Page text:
Annual gifting of a portion of the owner’s interest in a business to a family limited partnership (FLP) to another individual can serve multiple purposes, including estate tax reduction and alignment with business succession plans. By gradually transferring ownership to family members or other partners, the owner can decrease their overall net worth, potentially lowering estate taxes upon their passing. Furthermore, any appreciation in the gifted interest is excluded from their gross estate for estate tax purposes. This strategy is particularly effective when the FLP has multiple members or when gifting occurs over an extended period, allowing for gradual wealth transfer while minimizing tax implications and ensuring continuity in business ownership among family members.

Sometimes creating a Limited Liability Company (LLC) makes sense, depending on the state of residence. For example, if a property is in a state that imposes a state estate tax, holding the property in an LLC registered out of state could help minimize the amount of state estate taxes owed at the business owner’s death.

Probate considerations

Probate, the court-mandated process of settling an estate after a person’s death, is another significant estate planning challenge for business owners. Establishing a revocable trust and transferring the business interests to the trust can bypass the probate process. Furthermore, by naming themselves as the trustees, the owner retains control of the business during their lifetime and simplifies the transfer of the estate to their heirs. Additionally, because the owner retains control, establishing a trust typically doesn’t impact the daily operations of the business. This aspect can be crucial for preserving stability and preventing disruptions in business operations.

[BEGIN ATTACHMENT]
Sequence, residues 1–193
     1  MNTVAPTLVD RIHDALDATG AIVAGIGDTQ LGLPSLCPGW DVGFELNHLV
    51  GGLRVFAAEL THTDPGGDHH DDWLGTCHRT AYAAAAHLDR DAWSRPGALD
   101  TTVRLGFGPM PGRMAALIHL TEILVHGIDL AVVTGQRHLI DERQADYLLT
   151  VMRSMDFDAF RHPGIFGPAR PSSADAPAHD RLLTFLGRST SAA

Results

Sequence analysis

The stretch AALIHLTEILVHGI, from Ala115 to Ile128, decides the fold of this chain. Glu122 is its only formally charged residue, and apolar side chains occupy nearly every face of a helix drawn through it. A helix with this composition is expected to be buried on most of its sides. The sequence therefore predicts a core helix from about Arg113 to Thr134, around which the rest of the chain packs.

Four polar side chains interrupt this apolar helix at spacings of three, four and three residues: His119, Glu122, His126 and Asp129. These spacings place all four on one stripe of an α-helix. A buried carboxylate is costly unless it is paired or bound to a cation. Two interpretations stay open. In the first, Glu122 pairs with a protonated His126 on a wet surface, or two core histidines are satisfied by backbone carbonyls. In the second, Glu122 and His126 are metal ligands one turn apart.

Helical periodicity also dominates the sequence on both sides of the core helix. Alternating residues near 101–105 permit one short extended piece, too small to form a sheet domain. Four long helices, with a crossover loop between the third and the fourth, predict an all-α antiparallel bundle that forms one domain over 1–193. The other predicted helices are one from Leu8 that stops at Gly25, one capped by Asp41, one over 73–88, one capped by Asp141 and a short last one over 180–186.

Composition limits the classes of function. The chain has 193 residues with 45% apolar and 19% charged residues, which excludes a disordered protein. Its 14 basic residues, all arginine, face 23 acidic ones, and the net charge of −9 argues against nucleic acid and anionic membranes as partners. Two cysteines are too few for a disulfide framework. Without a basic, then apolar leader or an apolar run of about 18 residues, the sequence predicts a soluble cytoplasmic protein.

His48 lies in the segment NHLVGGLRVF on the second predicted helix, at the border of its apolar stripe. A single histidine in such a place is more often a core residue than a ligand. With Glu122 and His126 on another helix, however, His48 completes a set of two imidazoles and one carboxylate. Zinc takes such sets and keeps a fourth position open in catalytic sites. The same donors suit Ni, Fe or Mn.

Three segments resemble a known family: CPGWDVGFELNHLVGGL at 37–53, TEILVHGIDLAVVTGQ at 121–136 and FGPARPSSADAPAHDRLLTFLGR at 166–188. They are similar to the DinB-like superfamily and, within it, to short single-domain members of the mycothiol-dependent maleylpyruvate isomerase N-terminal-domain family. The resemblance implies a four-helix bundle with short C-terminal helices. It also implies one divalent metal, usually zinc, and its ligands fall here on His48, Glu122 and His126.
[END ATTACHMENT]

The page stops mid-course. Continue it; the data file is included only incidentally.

In some cases, however, a trust might not be optimal. For example, a trust generally can’t hold stock of an S corporation. If the owner assigns their interest in an S corporation to a trust, they need to ensure that the trust contains the language required to hold that type of entity.

Bottom line

Business owners should regularly review and update their estate plans to adapt to changing circumstances, such as shifts in the value of the business or changes in tax laws, to ensure their plans remain effective and relevant over time. If this is important to you, contact your advisor to learn how Mercer Advisors has helped owners of businesses of all sizes align their business planning with their personal or family’s financial plans.

Mercer Advisors Inc. is a parent company of Mercer Global Advisors Inc. and is not involved with investment services. Mercer Global Advisors Inc. (“Mercer Advisors”) is registered as an investment advisor with the SEC. The firm only transacts business in states where it is properly registered or is excluded or exempted from registration requirements.

All expressions of opinion reflect the judgment of the author as of the date of publication and are subject to change. Some of the research and ratings shown in this presentation come from third parties that are not affiliated with Mercer Advisors. The information is believed to be accurate but is not guaranteed or warranted by Mercer Advisors. Content, research, tools, and stock or option symbols are for educational and illustrative purposes only and do not imply a recommendation or solicitation to buy or sell a particular security or to engage in any particular investment strategy. For financial planning advice specific to your circumstances, talk to a qualified professional at Mercer Advisors.